Amendment XXXI

The Original Outline for “A Death of Honor”

© Copyright 1984, 2000 by Joe Clifford Faust

JCF: “One question I am frequently asked when I talk about writing is whether or not I outline my novels. Generally speaking, I don’t. When I start a novel, I usually have three things in mind: 1) A basic idea of what is to happen during the course of the book, 2) the opening scene, and 3) the ending scene. As I write, things begin to fall into place and the middle of the book begins to jell. Around manuscript page 200 or so, I start writing things down because the whole plot thing has gotten so big that I’m afraid I’ll forget what’s supposed to happen.

“Nowadays, with the miracle of word processing, I do what I call a running outline. As I think of things, I type them into the appropriate chapter of the book. Then I write over the outline, chapter by chapter, until the outline has been replaced with novel. It’s a great system for me, but it’s bad for anyone who is interested in seeing how an idea evolved… because the outline is never saved. It’s part of the main document and is assimilated into the book as I write. So there’s nothing left to show the project evolved in my head.

“That’s why I decided to dig out and post what follows – my outline and other information for A Death of Honor. Before word processing software, I would often take a writing day and type what was in my head into an outline. Then I’d make notes and changes as I went. After a while the outline would become rather unwieldy, so I’d take another day and reconstruct my notes into a second outline. This usually occurred during the final third of the book.

“Some changes you’ll note from outline to book (for those familiar with Honor): character names changed; originally four letters of transit instead of two (I changed it to two to make it harder for the characters to escape – it was better to be one paper short than have one paper too many); Payne and Trinina’s final attacker at the docks and who saves them; and the biggest change, the fact that the book was originally titled Amendment XXXI – the title did not change until Del Rey bought the book and wanted something that sounded less political.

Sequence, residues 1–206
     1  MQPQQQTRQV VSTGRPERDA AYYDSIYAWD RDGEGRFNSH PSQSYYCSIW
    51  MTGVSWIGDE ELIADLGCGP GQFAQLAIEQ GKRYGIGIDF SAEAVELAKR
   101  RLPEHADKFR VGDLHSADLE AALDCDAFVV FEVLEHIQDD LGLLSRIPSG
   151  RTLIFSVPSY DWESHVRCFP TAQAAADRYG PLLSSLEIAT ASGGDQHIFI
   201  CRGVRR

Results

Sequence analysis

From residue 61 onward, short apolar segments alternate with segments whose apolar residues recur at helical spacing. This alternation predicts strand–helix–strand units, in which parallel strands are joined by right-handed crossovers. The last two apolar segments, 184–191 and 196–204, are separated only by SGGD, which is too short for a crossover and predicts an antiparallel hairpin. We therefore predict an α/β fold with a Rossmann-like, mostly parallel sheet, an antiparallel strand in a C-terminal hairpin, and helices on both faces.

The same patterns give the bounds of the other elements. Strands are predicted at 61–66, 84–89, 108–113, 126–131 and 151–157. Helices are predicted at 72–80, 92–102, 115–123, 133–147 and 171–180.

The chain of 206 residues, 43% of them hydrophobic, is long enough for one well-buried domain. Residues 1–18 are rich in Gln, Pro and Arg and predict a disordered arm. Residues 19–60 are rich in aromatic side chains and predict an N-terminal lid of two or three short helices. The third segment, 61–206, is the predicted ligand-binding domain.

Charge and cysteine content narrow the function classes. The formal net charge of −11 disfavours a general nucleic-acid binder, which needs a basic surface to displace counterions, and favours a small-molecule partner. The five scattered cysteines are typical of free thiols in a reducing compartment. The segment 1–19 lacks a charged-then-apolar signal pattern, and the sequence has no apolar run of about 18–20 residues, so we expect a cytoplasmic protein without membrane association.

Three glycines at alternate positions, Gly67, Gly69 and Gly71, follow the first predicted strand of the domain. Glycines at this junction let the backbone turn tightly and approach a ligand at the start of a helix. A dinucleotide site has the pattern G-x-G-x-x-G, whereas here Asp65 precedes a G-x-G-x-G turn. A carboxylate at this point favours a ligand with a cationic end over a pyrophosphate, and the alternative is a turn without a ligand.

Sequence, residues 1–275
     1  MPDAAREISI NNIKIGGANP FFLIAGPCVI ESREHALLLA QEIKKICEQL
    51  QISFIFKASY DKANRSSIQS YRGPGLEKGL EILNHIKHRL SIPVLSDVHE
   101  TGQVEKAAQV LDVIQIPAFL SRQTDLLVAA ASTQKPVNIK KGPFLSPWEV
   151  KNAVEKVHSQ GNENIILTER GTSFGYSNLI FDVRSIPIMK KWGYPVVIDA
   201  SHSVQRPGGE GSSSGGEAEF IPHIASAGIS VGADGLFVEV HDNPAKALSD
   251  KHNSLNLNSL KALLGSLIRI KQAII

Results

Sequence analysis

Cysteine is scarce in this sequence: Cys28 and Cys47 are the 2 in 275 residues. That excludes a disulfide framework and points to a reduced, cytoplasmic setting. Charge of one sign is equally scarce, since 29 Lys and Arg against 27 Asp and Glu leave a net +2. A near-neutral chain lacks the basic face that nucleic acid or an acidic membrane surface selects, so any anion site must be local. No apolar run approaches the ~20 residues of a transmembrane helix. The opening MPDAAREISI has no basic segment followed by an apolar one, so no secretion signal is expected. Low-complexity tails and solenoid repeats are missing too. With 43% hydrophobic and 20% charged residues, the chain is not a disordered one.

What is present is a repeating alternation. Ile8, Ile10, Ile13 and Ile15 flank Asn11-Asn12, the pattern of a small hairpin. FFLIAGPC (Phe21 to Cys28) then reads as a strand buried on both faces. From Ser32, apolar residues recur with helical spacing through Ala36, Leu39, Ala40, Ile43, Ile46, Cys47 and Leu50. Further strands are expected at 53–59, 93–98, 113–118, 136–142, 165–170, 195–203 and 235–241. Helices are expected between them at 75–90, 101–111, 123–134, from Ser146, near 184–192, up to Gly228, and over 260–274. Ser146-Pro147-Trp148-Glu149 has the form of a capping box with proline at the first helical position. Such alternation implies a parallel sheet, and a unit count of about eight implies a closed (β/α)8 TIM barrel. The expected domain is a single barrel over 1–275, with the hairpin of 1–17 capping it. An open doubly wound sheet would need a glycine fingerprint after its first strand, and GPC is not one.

“The most radical difference you’ll find from these outlines to the book is the fact that, up until the home stretch, Myra lived and was given a hope of escape. In fact, the outline ending where Payne throws her a letter of transit tucked into his shoe was intended to be symbolic – in ancient Hebrew tradition, a man could divorce his wife by giving her his shoe. So Payne was saving her, yet saying that he would never see her again. Unfortunately, Rodrigues unexpectedly committed suicide during his first big scene, leaving a plot hole that I could fix only by killing off Myra. Poor thing. But she died making Honor a better book.

“Also conspicuously absent from the outline is the whole fight to get Payne on the boat with Trinina and Nathan. That happened spontaneously during the writing of the last chapter. After the final, lethal confrontation in the alley, I remember typing and thinking ‘and now Payne and Trinina go and get on the boat.’ I stopped typing. Then I thought, ‘Boy, that isn’t very exciting. I’ll have to make it tougher for them to get on the boat.’ Thus, Payne’s Leap was made up on the spot.

“The lesson to be learned there is that you NEVER make something easy for your protagonist. By beating them up soundly during the course of the book, you make it more exciting for the reader.


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